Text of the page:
“If we don’t take on the pieces that we’re taking on, it would be a Pyrrhic victory,” Flanagan said.

More for voters in 2024? Another potential measure was filed Wednesday — this one by a coalition of community, environmental justice and public health groups to counter an oil industry referendum already on the November 2024 ballot.

The referendum seeks to permanently block a 2022 law that bans new oil wells within 3,200 feet of homes, hospitals, schools and other sensitive places. The proposed initiative would effectively put the law back in place. 

  • Martha Dina Argüello, Physicians for Social Responsibility executive director, to CalMatters: “Given that the Legislature has already made a clear choice in support of the setbacks, and the oil industry (was)… able to confuse the issue, we wanted to give California voters a crystal clear choice.”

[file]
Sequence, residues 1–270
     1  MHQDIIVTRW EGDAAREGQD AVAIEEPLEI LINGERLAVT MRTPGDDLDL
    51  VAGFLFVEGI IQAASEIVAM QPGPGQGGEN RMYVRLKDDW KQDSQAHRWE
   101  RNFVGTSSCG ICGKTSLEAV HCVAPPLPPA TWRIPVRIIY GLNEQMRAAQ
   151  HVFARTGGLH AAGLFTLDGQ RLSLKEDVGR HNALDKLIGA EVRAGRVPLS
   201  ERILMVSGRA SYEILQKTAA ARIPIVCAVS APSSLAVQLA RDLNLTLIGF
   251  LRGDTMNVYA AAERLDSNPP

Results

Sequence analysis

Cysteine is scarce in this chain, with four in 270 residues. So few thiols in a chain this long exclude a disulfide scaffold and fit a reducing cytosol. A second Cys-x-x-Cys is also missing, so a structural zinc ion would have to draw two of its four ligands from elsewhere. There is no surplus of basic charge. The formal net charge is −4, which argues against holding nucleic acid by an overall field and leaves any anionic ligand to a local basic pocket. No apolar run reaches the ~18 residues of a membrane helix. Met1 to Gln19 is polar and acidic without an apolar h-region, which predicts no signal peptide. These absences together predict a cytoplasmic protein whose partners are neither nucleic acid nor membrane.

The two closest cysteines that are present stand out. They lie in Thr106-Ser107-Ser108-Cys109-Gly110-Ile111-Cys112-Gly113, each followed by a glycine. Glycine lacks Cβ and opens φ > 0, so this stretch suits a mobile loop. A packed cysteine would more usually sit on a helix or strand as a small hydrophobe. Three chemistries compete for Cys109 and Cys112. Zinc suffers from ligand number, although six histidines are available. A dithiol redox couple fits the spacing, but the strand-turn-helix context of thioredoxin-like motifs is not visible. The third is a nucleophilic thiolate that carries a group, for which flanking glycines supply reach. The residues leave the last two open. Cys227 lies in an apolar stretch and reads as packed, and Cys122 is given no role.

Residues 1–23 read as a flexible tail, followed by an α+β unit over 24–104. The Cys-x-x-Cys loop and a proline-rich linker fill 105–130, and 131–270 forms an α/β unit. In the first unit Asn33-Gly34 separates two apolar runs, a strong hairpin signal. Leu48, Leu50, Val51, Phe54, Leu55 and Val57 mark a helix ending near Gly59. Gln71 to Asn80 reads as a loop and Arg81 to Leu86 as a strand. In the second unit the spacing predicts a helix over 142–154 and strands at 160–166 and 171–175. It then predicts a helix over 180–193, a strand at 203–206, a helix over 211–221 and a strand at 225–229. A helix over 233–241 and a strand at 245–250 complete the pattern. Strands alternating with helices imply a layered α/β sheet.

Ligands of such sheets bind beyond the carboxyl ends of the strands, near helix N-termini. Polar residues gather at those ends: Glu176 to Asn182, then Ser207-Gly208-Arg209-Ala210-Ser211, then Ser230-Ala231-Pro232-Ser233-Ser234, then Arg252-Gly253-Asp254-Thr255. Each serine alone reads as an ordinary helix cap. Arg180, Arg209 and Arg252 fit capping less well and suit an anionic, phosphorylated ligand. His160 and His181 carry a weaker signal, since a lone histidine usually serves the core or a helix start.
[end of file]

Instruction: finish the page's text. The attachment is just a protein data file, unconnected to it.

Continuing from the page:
But the competing measures on the same ballot may get confusing: If the initiative gets more votes than the number of votes to overturn the law, it would take effect. If voters uphold the law and the initiative still gets more votes, it would supersede the law. 


CalMatters events: CalMatters is hosting more public events this year. The next one, on Aug. 15, focuses on whether the electric vehicle transformation can help bridge California’s economic divide. Sign up here to attend at our Sacramento office or online. The one after that is scheduled for Sept. 19, on Gov. Gavin Newsom’s push for rehabilitation over incarceration. Register here.